Liberating forces surround ISIL in Manbij, hundreds flee

By Waleed Abu al-Khair in Cairo

Thousands of civilians have fled the town of Manbij in northern Syria held by the 'Islamic State of Iraq and the Levant' as liberating forces close in. [Photo courtesy of Saleh Muslim Mohammed]

Thousands of civilians have fled the town of Manbij in northern Syria held by the 'Islamic State of Iraq and the Levant' as liberating forces close in. [Photo courtesy of Saleh Muslim Mohammed]

The Syrian Democratic Forces (SDF) encircled the city of Manbij in northern Aleppo province on Friday (June 10th) in a major blow to the "Islamic State of Iraq and the Levant" (ISIL).

Hundreds of civilians escaped the city on Sunday, helped by the SDF who "transported them to safer areas", Syrian Observatory for Human Rights chief Rami Abdel Rahman said.

"Around 800 civilians fled on foot towards areas held by the SDF alliance south of the town," he said.

At least 223 ISIL fighters and 28 SDF troops had been killed since the alliance offensive against Manbij began on May 31st, he said.

So far the armed coalition has succeeded in liberating a large number of villages and farms that surround Manbij and units have drawn within a few kilometres of the city.

ISIL surrounded on three sides

Manbij Military Council (MMC) platoon commander Ghassan Ibrahim told Al-Shorfa the SDF and MMC will continue their operations against ISIL until the city and its rural areas are fully liberated.

The ground forces are co-ordinating with and have the full support of international coalition aircraft, which are conducting airstrikes against ISIL's positions, he said.

The forces have reached the outskirts of Manbij on three sides, at distances varying between five and seven kilometres, he said, adding that dozens of ISIL elements had been killed since the start of the operation.

"Forty villages and farms in the rural areas of Manbij are now in the hands of SDF forces, leaving ISIL elements only the southern side of the city from which to flee towards the city of al-Bab and the town of al-Rai, after SDF forces seized full control of the northern, eastern and western sides [of Manbij]," he said.

Many cars have been seen leaving the city, he said, likely moving the families of ISIL fighters in preparation to transport them to Jarablus or al-Raqa.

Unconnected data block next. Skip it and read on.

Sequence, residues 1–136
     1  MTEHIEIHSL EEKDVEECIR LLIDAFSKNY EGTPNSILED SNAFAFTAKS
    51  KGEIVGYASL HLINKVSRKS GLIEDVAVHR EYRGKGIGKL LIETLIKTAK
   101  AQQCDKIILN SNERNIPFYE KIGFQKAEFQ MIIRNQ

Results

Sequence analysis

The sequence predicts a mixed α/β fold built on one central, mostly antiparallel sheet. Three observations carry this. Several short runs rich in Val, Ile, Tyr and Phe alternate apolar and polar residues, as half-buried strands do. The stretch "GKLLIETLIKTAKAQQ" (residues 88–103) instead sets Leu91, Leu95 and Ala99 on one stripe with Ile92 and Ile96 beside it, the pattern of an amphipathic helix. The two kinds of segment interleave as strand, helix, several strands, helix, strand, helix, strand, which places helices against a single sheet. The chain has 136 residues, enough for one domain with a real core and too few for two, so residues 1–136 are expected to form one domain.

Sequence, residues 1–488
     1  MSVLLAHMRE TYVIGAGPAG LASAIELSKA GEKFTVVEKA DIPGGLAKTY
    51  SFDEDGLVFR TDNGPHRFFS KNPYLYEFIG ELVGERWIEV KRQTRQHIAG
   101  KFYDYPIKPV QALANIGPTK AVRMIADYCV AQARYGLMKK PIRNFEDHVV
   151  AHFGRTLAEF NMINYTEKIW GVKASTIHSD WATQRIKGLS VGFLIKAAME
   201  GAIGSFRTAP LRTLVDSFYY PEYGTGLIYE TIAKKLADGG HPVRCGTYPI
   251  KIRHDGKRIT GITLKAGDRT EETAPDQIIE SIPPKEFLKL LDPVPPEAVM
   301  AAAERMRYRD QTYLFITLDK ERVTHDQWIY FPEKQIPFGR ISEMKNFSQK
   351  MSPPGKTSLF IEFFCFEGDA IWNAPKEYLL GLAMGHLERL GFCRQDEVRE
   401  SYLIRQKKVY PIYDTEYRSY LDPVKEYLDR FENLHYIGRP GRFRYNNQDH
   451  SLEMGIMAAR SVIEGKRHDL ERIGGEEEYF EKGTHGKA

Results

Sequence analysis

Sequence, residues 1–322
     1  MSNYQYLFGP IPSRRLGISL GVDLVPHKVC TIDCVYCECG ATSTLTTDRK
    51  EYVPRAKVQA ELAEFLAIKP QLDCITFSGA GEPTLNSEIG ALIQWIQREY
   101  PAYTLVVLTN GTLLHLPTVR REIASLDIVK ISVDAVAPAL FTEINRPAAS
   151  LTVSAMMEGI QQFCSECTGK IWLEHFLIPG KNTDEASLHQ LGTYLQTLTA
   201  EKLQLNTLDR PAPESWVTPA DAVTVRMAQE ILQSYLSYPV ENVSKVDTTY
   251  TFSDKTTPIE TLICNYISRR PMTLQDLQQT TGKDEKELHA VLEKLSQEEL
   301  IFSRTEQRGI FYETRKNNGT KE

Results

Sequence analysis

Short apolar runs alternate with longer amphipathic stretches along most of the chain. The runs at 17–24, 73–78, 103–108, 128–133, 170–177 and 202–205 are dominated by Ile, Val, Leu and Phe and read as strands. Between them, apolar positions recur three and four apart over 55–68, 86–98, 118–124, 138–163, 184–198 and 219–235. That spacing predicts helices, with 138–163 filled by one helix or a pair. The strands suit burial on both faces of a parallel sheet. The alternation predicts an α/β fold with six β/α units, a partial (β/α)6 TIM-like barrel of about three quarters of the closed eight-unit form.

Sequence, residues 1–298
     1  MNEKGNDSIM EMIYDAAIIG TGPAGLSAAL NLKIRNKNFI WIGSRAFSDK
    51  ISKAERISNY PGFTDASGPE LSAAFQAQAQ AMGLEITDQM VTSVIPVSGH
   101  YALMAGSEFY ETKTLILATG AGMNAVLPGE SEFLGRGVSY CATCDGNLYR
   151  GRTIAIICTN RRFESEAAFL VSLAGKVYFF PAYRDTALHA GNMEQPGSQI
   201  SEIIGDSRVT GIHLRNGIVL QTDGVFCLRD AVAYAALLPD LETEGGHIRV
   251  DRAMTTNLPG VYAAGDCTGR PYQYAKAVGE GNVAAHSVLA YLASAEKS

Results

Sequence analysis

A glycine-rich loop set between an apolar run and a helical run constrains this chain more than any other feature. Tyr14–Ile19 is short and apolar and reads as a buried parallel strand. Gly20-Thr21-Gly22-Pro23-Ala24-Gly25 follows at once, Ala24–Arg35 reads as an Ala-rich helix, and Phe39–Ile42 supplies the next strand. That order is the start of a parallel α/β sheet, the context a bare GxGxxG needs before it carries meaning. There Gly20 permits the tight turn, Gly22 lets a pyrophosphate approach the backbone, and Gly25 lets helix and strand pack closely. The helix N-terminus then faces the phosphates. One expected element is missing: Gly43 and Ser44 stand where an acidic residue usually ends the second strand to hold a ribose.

"ISIL elements entered the village of Awn Dadat dressed in military uniforms similar to those worn by SDF forces," he said. "Residents came out to greet them and express their happiness to be rid of ISIL, only to be fired upon randomly by the militants, and many residents were killed and wounded."

Awn Dadat, which lies on the main highway connecting Manbij to Jarablus, is currently under SDF control, he said.

Manbij is of strategic importance as it connects the city of al-Raqa with the rest of the areas controlled by ISIL, he said, particularly al-Bab to the south and Jarablus to the north, all the way up to the Turkish-Syrian border.

Therefore, seizing control of Manbij will turn the areas controlled by ISIL into "isolated islands that will be easy to liberate", Ibrahim said.

Honouring commander Faisal Abu Layla

A number of SDF elements have been killed in the battles with ISIL, either in direct combat or from the landmines planted by the group prior to and during the battles, said Kataeb Shams al-Shamal fighter Abdel Fattah Nasreddine.

"The most prominent of these martyrs is the founder and leader of Shams al-Shamal, Faisal Abu Layla, whose real name is Faisal Abdi Saadoun, and who also was a prominent co-founder of the SDF and had an important role in the formation of the MMC," he told Al-Shorfa.

"The late commander gained notoriety as a fierce fighter against ISIL with his remarkable participation in the battle for the city of Kobani and the important role he had in liberating it despite being shot and wounded on more than one occasion by the group’s elements," Nasreddine said.

Abu Layla was hit June 3rd by a heat seeking missile during a battle for the village of Khafiya Abu Qalqal in rural Manbij, Nasreddine said. He was transported by military helicopter to the Sulaimaniya Hospital in Iraq for treatment, but died from his wounds June 5th.

The current campaign to liberate Manbij has been renamed the 'Faisal Abu Layla Operation' after the late commander, he said.

Fears of fierce battles in city centre

SDF and MMC forces have made significant advances towards the city of Manbij owing to the significant support they received from international coalition aircraft, said Syrian journalist Mohammed al-Khatib, a member of the Aleppo Media Centre.

"ISIL’s main force is not in the rural Manbij area where the battles are taking place, but within the city centre where there are large concentrations of the group’s elements armed with heavy weapons," he told Al-Shorfa.

Al-Khatib expressed concern over the humanitarian situation in the city, as some residents were able to flee, but others remain.

If the battles move inside the city they could become more fierce and violent and turn into a "street war", he said.

This could result in the deaths of a large number of civilians and a massive wave of displacement among the population of more than 120,000, he added.

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